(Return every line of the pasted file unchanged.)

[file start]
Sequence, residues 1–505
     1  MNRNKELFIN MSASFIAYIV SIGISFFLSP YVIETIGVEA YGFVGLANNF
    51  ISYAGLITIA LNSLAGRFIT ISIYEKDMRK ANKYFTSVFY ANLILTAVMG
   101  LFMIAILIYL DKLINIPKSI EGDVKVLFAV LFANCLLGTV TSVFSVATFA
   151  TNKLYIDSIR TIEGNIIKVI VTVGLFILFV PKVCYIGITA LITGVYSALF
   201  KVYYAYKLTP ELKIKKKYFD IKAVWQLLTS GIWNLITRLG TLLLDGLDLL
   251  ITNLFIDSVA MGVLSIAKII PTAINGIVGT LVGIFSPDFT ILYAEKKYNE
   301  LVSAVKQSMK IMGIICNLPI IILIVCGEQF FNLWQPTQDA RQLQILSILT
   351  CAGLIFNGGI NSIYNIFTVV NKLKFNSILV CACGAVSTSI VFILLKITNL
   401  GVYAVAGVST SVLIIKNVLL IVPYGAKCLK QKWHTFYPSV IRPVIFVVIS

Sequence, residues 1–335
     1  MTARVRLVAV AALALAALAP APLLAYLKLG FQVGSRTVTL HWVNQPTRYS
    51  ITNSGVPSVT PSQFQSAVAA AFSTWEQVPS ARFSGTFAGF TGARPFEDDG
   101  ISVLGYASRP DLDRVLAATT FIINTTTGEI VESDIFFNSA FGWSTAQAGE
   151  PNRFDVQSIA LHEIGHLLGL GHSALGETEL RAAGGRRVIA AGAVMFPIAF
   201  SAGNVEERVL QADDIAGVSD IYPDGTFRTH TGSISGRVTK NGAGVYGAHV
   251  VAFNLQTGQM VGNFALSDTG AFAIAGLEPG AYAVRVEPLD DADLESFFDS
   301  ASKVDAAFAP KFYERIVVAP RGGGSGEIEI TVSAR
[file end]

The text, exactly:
Sequence, residues 1–505
     1  MNRNKELFIN MSASFIAYIV SIGISFFLSP YVIETIGVEA YGFVGLANNF
    51  ISYAGLITIA LNSLAGRFIT ISIYEKDMRK ANKYFTSVFY ANLILTAVMG
   101  LFMIAILIYL DKLINIPKSI EGDVKVLFAV LFANCLLGTV TSVFSVATFA
   151  TNKLYIDSIR TIEGNIIKVI VTVGLFILFV PKVCYIGITA LITGVYSALF
   201  KVYYAYKLTP ELKIKKKYFD IKAVWQLLTS GIWNLITRLG TLLLDGLDLL
   251  ITNLFIDSVA MGVLSIAKII PTAINGIVGT LVGIFSPDFT ILYAEKKYNE
   301  LVSAVKQSMK IMGIICNLPI IILIVCGEQF FNLWQPTQDA RQLQILSILT
   351  CAGLIFNGGI NSIYNIFTVV NKLKFNSILV CACGAVSTSI VFILLKITNL
   401  GVYAVAGVST SVLIIKNVLL IVPYGAKCLK QKWHTFYPSV IRPVIFVVIS

Sequence, residues 1–335
     1  MTARVRLVAV AALALAALAP APLLAYLKLG FQVGSRTVTL HWVNQPTRYS
    51  ITNSGVPSVT PSQFQSAVAA AFSTWEQVPS ARFSGTFAGF TGARPFEDDG
   101  ISVLGYASRP DLDRVLAATT FIINTTTGEI VESDIFFNSA FGWSTAQAGE
   151  PNRFDVQSIA LHEIGHLLGL GHSALGETEL RAAGGRRVIA AGAVMFPIAF
   201  SAGNVEERVL QADDIAGVSD IYPDGTFRTH TGSISGRVTK NGAGVYGAHV
   251  VAFNLQTGQM VGNFALSDTG AFAIAGLEPG AYAVRVEPLD DADLESFFDS
   301  ASKVDAAFAP KFYERIVVAP RGGGSGEIEI TVSAR